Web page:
Newton's Three Laws of Motion and Calculating Speed

Grade Levels
6th - 8th, Homeschool
Formats Included
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45 slides and pages
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  1. This is a bundle for 8th Grade: NGSS Integrated Model. This bundle covers the PEs and standards for NGSS for 8th grade in California and other states using the Integrated Model for 8th grade. Purchase of this bundle will save you 20% on these resources. This is the set of resources for the NGSS Inte
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  2. Students will learn about force, motion, and speed in this bundle of two of my resources. Students will understand and apply Newton's three laws of motion in hands-on labs. Students will make connections with concepts like potential and kinetic energy, speed, force, motion, and energy. Two Resources
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In this unit, students will learn about Newton's laws of motion and will be calculating speed, distance, and time traveled. Students will participate in a hands-on lab in which they will measure the time it takes to travel a certain distance and calculate speed. Students will apply this information to Newton’s three laws of motion. This unit also touches on potential and kinetic energy. The speed equation is introduced and sample problems are included.  Students will also identify variables in the experiment. This is a comprehensive unit that connects these concepts with hands-on activities that are highly engaging!

Students will love carrying out these investigations using pull-back cars. You will need a pull-back car for each group of students. These are inexpensive at a discount store or online. I suggest about 4 -5 students in a group.

A pull-back car is a great example of all three of Newton’s Laws as well as potential and kinetic energy.  

This unit includes:

  • Slide show Variables and Fair Tests
  • Slide show on Newton’s Laws of Motion
  • Calculating Speed, Time, and Distance (The Triangle Method)
  • Lab with pull-back cars-four different tests
  • Lab pages
  • Follow-up pages
  • Calculating speed practice page
  • Calculating Distance and Time Traveled Page (for differentiation and challenge)
  • CER on how Newton’s Laws relate to Pull-Back Toys
  • Answer Keys

Supplies You Will Need:

  • A pull-back car for each group (they do not need to be the same size or shape)
  • Tape measure
  • Scale for weighing grams
  • Stopwatch (an app is fine)
  • Optional car tracks (lab works with or without tracks. I like the tracks because it keeps the car moving in a straight line. You need about 3 meters of track. All the groups can use the same track.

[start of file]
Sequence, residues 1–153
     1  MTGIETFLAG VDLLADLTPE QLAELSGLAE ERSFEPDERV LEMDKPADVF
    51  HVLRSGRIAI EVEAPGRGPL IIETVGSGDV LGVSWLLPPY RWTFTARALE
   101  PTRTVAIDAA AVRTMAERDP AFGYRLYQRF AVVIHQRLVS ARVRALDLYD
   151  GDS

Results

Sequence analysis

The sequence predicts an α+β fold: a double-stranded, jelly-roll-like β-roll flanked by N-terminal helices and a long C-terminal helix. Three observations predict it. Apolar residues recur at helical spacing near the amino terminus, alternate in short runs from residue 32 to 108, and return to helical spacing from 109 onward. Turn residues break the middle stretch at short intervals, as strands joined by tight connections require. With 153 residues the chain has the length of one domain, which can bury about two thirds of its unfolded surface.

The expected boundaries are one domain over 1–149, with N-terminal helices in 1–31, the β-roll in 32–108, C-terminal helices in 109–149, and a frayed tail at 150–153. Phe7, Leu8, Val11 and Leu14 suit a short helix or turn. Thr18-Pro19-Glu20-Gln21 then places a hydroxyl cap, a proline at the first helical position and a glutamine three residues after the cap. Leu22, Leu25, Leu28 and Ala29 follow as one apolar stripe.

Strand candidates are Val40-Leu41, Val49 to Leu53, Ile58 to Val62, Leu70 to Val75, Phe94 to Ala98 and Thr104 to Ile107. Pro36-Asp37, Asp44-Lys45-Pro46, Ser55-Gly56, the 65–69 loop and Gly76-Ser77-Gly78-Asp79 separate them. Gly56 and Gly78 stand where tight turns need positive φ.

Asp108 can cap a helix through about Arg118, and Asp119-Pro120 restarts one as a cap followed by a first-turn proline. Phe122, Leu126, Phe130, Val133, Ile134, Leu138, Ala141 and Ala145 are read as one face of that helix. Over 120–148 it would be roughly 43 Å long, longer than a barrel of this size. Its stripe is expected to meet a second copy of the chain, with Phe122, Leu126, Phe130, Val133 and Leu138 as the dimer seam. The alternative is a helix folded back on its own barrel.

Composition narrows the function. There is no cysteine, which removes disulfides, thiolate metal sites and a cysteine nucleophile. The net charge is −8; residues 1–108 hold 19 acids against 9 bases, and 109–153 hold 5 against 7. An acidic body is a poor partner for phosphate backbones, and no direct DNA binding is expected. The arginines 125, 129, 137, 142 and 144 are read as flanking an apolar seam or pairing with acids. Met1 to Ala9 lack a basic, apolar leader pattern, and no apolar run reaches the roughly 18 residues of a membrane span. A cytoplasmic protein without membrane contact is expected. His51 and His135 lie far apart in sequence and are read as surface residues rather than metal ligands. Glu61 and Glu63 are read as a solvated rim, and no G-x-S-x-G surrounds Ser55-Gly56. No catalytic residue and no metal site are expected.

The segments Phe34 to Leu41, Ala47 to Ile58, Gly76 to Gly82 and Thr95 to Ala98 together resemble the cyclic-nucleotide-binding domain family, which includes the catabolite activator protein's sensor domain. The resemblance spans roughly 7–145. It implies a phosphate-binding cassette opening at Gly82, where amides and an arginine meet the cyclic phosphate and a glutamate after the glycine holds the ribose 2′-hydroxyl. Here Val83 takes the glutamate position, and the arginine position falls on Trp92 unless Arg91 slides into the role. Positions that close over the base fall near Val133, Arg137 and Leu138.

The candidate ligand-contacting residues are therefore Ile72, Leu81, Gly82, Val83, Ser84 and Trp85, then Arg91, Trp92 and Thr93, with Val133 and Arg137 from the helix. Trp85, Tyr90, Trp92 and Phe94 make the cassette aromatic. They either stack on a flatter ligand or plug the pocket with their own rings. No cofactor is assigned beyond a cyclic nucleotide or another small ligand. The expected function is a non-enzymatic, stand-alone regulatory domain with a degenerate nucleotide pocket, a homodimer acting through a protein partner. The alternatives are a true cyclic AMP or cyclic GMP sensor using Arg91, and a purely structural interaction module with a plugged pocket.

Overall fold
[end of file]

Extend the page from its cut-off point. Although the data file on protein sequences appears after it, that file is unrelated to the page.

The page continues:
• Masking tape
  • Washer or quarter


  • Fair Tests and Variables
  • Recording Data
  • Measuring
  • Newton’s Three Laws of Motion
  • Potential and Kinetic Energy
  • How to calculate Speed
  • How to calculate Time Traveled
  • How to Calculate Distance

This unit will take seven days if you use every piece. The slide show on variables and fair tests is more of a review, so if your students already know this, you can skip it.  

If you have questions about my resources please contact me

* My resources are secure and not editable for copyright reasons. This resource is in ppt and pdf format.

These resources are created by Lynda R. Williams at Teaching Science

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You will also love these units:

Kinetic and Potential Energy

Force and Motion

Static Electricity and Magnetic Fields

Total Pages
45 slides and pages
Answer Key
Teaching Duration
2 Weeks
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to see state-specific standards (only available in the US).
Plan an investigation to provide evidence that the change in an object’s motion depends on the sum of the forces on the object and the mass of the object. Emphasis is on balanced (Newton’s First Law) and unbalanced forces in a system, qualitative comparisons of forces, mass and changes in motion (Newton’s Second Law), frame of reference, and specification of units. Assessment is limited to forces and changes in motion in one-dimension in an inertial reference frame, and to change in one variable at a time. Assessment does not include the use of trigonometry.
Apply Newton’s Third Law to design a solution to a problem involving the motion of two colliding objects. Examples of practical problems could include the impact of collisions between two cars, between a car and stationary objects, and between a meteor and a space vehicle. Assessment is limited to vertical or horizontal interactions in one dimension.


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